Madelyn Street and Nichole Arbino during their appeals trial on Wednesday night.

By Kyle Woosley

After being cleared in an appeals trial, Madelyn Street and Nichole Arbino were declared winners of the Student Government Assocation (SGA) elections and are now slated to become student body president and executive vice president.

Street and Arbino were removed from the ballot Tuesday night after they were accused of violating elections bylaws. The pair had collected 625 votes-a tally that would have given them the win over Megan Gosnell and Kenton Murphy, who with 550 votes were declared the winners, pending Street and Arbino’s appeals trial.

Because the appeals process was still underway, Street and Arbino’s vote tallies were not disclosed to the public. The SGA elections committee declared Gosnell and Murphy the election’s winners, although that outcome still depended on Street and Arbino’s appeal.

According to SGA records, Street was accused of defacing another candidate’s campaign materials-essentially writing in between the candidate’s chalk reminders on the sidewalk near Commonwealth Hall.

“It was just really frustrating because we worked so hard and campaigned so hard and I really felt like we’d done such a great job at campaigning that it was hard to have it just be taken away over chalk,” Arbino said.

After they were removed from the ballot, Street and Arbino decided to appeal the elections committee’s decision.

“Honestly, I was really devastated but I knew there was an appeal process so I wasn’t going to give up,” Street said. “I was going to do everything I could possibly do and get my votes heard.”

Ultimately, Street was vindicated in the appeals trial, which was heard at 8 p.m. Wednesday night, a full day after the election had concluded. According to SGA records, the SGA elections committee opted to reinstate Street on the ballot, saying that removal would have been too “extreme.”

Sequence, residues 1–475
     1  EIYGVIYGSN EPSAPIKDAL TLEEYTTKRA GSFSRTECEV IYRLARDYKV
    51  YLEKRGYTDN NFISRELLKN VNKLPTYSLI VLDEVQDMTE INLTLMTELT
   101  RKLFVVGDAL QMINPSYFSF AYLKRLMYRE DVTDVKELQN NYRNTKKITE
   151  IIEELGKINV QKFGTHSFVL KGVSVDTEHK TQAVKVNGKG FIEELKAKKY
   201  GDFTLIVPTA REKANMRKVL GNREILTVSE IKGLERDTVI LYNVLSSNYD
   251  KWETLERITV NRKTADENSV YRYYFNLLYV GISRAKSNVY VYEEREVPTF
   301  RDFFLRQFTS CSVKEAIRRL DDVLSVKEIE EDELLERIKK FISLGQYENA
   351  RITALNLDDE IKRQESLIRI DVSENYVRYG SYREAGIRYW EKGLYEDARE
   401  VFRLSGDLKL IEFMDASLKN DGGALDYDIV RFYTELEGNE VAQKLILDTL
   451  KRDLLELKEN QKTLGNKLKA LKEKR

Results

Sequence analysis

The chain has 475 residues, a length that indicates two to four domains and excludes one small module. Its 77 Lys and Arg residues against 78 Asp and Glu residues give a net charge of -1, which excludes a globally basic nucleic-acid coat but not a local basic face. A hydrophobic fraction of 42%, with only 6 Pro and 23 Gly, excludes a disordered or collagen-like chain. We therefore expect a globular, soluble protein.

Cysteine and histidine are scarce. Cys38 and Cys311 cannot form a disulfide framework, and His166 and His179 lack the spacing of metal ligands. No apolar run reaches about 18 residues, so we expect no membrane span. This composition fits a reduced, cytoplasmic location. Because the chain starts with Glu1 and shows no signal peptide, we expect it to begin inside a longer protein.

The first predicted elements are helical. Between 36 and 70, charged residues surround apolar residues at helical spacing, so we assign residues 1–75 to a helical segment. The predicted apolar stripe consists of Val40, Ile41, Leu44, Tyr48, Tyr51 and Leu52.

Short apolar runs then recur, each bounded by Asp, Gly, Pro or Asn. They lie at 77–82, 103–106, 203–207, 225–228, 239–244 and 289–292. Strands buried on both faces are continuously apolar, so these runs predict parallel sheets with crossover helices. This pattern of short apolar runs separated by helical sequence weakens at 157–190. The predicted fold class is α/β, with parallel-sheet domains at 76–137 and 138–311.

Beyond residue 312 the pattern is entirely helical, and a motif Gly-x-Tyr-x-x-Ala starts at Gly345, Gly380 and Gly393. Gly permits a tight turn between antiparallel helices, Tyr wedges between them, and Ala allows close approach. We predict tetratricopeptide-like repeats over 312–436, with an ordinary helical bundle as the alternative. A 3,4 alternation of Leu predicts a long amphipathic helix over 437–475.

“It was really nerve-wracking, the entire trial, because it just it swung both ways so much,” Arbino said. “One second was really favoring the election committee side and then it would just seem like it was on our side.”

Street and Arbino said they were both relieved and excited to hear the outcome had worked out in the end.

“I sprinted outside and called Madelyn, I called my parents, called every single person that had been on my list of people to tell,” Arbino said. “I was just so excited because I wanted it so bad and I can’t wait to see all of the great opportunities it’s going to lead to.”

The change in election results, however, meant that Gosnell and Murphy were no longer SGA president and executive vice-president elects.

“I have not spoken with them [Gosnell & Murphy],” Street said. “I plan on sitting down and talking to them about everything and what they want to do for SGA next year. I want to keep them full and active members of the administration.”

Gosnell declined to comment when contacted by a Progress reporter.

Murphy, however, said he’s taking it in stride.

“I’m happy for Madelyn and Nichole,” Murphy said.

The change in the election’s results marks the second year in a row in which an appeals trial has had a significant impact on the final tally. Last year, Rachel Mollozzi and

Matthew White were removed from the ballot temporarily as they awaited an appeals trial for allegedly hung a poster closer to a computer lab than election bylaws allowed. They were later found not guilty and were then declared the winners, although not until after another ticket had already been announced as the victors.